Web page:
It’s all in the eye of the beholder, of course. It reminds me of how something like the Milwaukee Journal Sentinel can be simultaneously branded a liberal and a conservative rag; or, closer to home, how Milwaukee Record can be accused of writing about the same dozen popular bands and writing about bands no one has ever heard of. What kind of reaction have you seen, Tyler, and how do you feel about this year’s Summerfest lineup?
Tyler Maas: First off, any person who criticizes the way publications cover things is worse than Hitler! Now that we have that straightened out, let’s talk Summerfest.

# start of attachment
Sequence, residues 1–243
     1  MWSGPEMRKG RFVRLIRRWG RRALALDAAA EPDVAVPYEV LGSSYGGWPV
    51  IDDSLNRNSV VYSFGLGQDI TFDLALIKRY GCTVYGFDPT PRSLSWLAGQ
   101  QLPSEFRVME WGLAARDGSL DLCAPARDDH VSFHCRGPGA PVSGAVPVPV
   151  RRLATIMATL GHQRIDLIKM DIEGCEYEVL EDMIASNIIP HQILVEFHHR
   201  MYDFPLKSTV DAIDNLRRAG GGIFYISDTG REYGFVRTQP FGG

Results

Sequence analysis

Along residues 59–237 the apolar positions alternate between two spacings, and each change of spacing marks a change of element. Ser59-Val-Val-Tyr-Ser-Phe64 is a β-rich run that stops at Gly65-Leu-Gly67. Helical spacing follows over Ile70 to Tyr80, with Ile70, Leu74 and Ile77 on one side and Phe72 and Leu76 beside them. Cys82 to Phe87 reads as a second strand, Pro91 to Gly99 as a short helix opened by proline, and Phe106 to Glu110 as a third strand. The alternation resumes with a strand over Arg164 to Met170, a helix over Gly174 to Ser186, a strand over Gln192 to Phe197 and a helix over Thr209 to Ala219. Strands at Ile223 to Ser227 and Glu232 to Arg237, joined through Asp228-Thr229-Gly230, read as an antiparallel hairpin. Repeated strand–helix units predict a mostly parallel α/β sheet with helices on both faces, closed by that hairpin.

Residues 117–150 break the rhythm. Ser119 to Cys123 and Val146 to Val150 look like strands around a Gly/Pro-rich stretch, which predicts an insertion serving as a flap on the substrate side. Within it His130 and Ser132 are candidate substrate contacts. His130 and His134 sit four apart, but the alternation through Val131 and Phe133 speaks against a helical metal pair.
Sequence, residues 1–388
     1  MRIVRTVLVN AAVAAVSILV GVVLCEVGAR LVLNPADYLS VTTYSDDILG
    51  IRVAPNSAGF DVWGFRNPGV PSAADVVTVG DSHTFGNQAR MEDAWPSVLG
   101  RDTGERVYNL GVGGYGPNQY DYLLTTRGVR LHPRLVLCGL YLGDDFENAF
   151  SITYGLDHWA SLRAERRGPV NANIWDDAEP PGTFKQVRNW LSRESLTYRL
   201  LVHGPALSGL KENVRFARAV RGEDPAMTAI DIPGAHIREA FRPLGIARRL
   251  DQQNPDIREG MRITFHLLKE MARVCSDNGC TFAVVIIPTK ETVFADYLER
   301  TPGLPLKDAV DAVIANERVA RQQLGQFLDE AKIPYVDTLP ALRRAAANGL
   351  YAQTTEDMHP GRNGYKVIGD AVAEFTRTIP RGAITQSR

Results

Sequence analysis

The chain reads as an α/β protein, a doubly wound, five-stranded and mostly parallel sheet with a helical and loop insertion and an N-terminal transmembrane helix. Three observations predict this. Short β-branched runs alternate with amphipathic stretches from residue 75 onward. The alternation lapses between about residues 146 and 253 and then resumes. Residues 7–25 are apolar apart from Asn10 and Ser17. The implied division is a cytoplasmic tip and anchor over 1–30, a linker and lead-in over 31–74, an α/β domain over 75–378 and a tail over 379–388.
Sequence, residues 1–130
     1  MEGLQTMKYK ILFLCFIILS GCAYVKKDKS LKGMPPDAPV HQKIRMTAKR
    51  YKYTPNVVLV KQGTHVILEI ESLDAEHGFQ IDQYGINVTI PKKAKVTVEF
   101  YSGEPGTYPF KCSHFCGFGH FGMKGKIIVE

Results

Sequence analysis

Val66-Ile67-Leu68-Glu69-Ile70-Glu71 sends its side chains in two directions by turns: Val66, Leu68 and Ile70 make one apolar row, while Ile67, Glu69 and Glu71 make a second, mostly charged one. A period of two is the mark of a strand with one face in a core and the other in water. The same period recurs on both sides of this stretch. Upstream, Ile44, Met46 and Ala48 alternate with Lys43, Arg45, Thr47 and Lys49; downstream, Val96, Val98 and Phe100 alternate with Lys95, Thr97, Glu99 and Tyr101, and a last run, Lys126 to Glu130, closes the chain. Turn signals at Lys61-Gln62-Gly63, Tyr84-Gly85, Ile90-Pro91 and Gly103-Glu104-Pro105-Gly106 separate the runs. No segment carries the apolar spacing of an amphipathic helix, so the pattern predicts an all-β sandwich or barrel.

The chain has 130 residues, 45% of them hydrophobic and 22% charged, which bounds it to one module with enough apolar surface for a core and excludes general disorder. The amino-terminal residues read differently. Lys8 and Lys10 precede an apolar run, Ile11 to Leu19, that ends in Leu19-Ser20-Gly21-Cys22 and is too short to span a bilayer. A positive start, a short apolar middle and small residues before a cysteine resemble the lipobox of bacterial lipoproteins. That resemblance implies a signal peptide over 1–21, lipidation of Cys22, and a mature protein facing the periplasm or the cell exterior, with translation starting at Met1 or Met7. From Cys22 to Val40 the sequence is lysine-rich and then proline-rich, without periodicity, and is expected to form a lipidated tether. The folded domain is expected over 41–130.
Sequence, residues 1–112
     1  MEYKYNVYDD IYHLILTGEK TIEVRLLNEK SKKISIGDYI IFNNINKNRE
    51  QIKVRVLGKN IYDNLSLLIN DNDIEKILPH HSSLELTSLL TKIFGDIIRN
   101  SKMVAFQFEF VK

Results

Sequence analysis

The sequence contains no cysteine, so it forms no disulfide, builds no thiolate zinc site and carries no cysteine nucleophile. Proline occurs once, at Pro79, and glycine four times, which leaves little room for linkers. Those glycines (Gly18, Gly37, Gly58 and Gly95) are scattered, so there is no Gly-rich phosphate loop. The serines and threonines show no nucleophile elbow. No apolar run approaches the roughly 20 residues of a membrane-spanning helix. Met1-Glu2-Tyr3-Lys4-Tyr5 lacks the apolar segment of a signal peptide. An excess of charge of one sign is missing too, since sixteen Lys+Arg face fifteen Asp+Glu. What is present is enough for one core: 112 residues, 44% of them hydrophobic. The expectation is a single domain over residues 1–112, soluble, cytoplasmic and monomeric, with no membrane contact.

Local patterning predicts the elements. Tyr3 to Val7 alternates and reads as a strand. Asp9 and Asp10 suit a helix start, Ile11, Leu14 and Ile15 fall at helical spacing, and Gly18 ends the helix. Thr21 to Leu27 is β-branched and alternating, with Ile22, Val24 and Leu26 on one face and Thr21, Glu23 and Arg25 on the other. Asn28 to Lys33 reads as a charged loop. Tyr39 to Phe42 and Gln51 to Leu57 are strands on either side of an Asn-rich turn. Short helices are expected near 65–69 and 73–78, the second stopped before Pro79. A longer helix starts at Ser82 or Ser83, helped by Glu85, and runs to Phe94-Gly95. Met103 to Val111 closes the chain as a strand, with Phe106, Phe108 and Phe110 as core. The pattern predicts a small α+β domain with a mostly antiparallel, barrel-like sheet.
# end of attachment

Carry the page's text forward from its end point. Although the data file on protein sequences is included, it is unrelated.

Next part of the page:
Of course a vocal minority of people hate the lineup online because 1.) Why would people bother commenting to say “Hey, dece lineup, Big Gig!”? and 2.) With 11 days and 10 stages to fill and roughly a million people to entertain over the course of a week and a half, organizers are tasked with booking something to satisfy every person in attendance. While attempting to wrangle in acts who sate every taste in an increasingly spreading music industry, Summerfest has tasked itself with the impossible and unenviable duty of booking something to satisfy everyone while, at the same time, never fully satisfying anybody. It happens on the local festival level as well, and yeah, with things we (and others) cover online.